Will Raiders stiff Oakland Coliseum JPA $1 million in stadium parking monies owed?
Mark Davis, The Oakland Raiders’ Owner, is angry that the City of Oakland’s filed a federal lawsuit against the organization over the Las Vegas Relocation, which it calls “unlawful.” While the legality of the Las Vegas move is certainly questionable, trying to skip town without paying monies owed to the Coliseum is clearly illegal. Yet, that’s exactly what the Raiders seem poised to do – behave illegally.
According to Oakland-Alameda County Coliseum Joint Powers Authority (Coliseum JPA) Executive Director Scott McKibben, the Raiders “sent me an email that they were taking the lease extension off the table” on Wednesday. Moreover, the Raiders President Marc Badain told reporters that they have “options” in places to play, other than the Oakland Coliseum. When this blogger asked McKibben about that with respect to the parking money owed, the former Rose Bowl boss said the “parking issue was not fully resolved but funds were in escrow (with Raiders).”
Technicalities aside, the money the team owes is not in the bank for the Coliseum, and the Oakland Raiders have not paid the $1 million (really $920,000 and not $800,000 as other media outlets have reported and failed to read the Coliseum documents) in parking revenue collected to the Coliseum that could have gotten it evicted over a year ago.
Scott McKibben was being nice, but the bottom line is the Raiders owe the Coliseum $1 million. Here’s is how that happened.
On April 5th of 2017, the Oakland Coliseum JPA learned that the Raiders were allowed to go four years, or back to 2013, paying only the “minimal” amount in parking fees that was due, and not the full amount due. In other words, the Raiders owed the full annual total, but only paid the smallest amount, and got by without punishment by the Coliseum JPA (and in fairness to McKibben, he did not take over for Deena McClain until late 2014, and 2015 was his first full year at the helm).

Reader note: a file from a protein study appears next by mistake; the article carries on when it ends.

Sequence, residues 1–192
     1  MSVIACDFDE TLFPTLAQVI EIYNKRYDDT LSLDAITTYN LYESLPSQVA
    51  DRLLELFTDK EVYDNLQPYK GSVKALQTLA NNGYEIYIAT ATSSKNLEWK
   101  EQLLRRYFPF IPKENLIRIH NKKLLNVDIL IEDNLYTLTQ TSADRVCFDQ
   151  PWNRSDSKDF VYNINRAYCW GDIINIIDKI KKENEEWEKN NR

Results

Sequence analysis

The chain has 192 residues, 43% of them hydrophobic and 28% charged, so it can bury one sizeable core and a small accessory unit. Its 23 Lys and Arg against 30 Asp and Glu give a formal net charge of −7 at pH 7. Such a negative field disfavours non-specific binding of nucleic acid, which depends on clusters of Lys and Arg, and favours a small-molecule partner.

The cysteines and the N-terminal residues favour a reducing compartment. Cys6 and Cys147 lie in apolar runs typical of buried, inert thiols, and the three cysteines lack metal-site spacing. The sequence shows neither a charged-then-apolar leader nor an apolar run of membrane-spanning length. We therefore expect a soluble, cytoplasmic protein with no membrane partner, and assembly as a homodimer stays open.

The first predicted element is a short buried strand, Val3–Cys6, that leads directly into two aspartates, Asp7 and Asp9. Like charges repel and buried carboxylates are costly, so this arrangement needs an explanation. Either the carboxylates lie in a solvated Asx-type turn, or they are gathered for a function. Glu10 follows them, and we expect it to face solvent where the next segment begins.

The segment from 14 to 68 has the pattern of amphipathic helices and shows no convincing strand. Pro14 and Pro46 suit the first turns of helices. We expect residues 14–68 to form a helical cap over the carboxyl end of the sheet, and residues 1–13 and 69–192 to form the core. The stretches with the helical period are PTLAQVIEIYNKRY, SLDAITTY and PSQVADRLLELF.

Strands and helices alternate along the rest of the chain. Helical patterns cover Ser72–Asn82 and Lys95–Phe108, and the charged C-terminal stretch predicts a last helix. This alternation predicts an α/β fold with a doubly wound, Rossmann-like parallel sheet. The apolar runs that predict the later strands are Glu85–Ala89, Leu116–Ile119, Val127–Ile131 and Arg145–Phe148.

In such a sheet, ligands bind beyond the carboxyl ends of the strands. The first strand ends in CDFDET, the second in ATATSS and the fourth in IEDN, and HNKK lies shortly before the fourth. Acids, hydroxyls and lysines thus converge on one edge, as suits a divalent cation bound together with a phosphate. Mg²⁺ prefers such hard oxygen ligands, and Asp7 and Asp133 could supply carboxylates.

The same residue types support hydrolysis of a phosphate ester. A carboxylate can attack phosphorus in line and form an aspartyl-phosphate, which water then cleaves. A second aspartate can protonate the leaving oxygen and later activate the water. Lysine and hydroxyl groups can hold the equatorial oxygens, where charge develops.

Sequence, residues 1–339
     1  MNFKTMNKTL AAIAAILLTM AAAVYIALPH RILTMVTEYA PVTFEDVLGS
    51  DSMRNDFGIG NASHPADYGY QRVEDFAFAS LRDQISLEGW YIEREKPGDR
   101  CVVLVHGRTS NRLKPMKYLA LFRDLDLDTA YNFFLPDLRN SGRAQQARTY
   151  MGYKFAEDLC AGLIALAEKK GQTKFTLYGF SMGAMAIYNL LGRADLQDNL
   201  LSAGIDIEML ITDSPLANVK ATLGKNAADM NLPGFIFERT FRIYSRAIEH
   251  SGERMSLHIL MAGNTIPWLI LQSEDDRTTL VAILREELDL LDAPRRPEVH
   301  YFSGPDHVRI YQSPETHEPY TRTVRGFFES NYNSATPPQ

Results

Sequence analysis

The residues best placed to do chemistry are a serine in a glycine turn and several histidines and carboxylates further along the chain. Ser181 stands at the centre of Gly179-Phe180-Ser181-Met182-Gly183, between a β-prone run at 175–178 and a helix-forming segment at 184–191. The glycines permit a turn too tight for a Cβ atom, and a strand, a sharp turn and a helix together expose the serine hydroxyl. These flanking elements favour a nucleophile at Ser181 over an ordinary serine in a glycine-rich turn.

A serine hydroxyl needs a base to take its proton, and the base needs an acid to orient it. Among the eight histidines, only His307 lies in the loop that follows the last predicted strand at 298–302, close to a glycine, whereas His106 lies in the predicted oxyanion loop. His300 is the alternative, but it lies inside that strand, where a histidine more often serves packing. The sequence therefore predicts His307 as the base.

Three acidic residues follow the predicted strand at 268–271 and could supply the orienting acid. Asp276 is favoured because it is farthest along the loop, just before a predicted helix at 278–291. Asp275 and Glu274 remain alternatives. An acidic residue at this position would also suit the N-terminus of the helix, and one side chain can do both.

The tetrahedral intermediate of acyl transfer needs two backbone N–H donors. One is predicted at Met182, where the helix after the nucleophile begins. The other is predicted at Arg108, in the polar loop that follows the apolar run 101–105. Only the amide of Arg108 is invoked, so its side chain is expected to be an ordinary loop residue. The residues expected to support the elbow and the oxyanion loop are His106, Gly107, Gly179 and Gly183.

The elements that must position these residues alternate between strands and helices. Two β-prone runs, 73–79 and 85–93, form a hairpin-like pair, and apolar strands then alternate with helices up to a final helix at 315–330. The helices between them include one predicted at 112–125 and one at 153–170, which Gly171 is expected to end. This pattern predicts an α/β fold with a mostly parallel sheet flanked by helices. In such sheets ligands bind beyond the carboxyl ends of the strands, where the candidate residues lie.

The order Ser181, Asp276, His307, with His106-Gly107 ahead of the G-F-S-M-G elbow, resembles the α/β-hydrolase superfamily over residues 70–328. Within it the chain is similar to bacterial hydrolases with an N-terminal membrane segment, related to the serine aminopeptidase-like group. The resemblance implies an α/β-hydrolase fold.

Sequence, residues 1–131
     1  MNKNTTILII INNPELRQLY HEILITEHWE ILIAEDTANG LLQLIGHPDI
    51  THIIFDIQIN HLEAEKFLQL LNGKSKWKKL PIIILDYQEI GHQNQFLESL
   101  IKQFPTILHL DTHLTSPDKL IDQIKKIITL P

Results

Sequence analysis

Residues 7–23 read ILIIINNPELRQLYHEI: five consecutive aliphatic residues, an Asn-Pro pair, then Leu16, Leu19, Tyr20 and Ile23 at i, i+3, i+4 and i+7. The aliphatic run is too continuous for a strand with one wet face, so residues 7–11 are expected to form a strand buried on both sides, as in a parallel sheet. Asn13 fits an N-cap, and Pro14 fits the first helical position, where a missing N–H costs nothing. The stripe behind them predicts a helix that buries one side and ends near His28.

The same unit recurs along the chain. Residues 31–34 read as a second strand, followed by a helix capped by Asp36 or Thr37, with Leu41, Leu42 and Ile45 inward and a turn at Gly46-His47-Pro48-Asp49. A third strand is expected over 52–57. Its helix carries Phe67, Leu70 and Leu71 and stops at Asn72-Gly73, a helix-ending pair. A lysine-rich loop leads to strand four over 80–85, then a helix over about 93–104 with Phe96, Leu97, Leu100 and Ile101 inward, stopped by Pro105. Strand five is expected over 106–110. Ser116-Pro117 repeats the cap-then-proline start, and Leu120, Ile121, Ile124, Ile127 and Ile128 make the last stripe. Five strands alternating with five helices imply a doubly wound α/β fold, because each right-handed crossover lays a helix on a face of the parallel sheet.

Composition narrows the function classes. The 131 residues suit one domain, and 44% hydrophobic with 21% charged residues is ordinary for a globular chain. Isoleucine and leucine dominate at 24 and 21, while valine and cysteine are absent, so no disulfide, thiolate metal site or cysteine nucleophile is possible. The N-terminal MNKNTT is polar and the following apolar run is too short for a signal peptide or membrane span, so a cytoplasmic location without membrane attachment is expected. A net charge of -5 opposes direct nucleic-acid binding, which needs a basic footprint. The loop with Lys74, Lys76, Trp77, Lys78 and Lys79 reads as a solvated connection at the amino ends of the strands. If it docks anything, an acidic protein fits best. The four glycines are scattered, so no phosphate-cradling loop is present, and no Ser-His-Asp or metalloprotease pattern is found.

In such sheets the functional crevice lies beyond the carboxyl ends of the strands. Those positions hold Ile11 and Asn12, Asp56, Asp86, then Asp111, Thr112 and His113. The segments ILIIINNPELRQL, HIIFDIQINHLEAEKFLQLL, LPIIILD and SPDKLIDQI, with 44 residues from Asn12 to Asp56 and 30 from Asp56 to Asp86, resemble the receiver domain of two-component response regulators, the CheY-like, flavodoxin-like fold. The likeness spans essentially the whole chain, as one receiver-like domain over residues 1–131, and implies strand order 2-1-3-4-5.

On that day of the news of the parking moneys owed, Oakland District Seven Councilmember and Coliseum JPA Board Member Larry Reid said “It’s a slap in the face. It’s frustrating. We’ve got to make sure that we hold them accountable and that they repay back to the public the money that is owed.”
Well, fast forward to today, and the Raiders are about to complete their second season of NFL Football without paying the Coliseum a dime of the $920,000 in parking revenue owed.
This blogger’s not speaking for McKibben, but if this blogger were the Coliseum JPA head, the Raiders would not even be able to dream of playing football at the Coliseum on Christmas Eve if they didn’t pay that $1 million owed.
And why not? Have you seen the track record of disrespect the Raiders under Mark Davis have shown the City of Oakland and what are called “The East Bay Entities?” AKA Alameda County and the Coliseum JPA? Let’s take the whole issue of the Oakland Raiders needing a new stadium, shall we?
Mark Davis Never Gave Oakland A Chance To Build An NFL Raiders Stadium
Mark Davis’ father the legendary pioneer Oakland Raiders Owner and Manager of The General Partnership Al Davis passed away on October 8th 2011. Mark Davis officially took control of the Oakland Raiders on that day.
Almost from that point, Mark Davis publicly expressed a desire to keep the Raiders in Oakland, but never seriously took action on his words. To add insult to injury, Mark did that even as he constantly held up another city as a place to move the team, starting with Los Angeles in 2011.
And yet Davis’ words would ignite a round of City of Oakland and County of Alameda working on building a new stadium for the Silver and Black as part of what came to be called the “Coliseum City” proposal.
(And on that, let’s clean up a small bit of fake news out there: the Raiders returned to Oakland because the Coliseum was upgraded for the organization in 1995. Earnest talk of the need for a new stadium didn’t happen until 2011 or when Mark took control of the team. Thus, any claim that the Raiders have sought a new stadium from Oakland for over 20 years is just not true.)
In 2007 then Raiders Chief Executive Officer Amy Trask told the San Francisco Chronicle, the Silver and Black was happy at the Coliseum. “We are enthusiastically focused on the 2007 football season, and don’t believe this is an appropriate time to discuss stadium opportunities. …We are playing in a nice stadium, which our teams and fans enjoy.” And Amy should have added “that we’ve occupied for 11 years, not 30 years” to that point.
And on Twitter this week, Trask (who resigned from the Raiders in 2013) added that, contrary to popular belief, the Oakland A’s were willing to vacate the Coliseum if the Raiders wanted to build a new stadium there: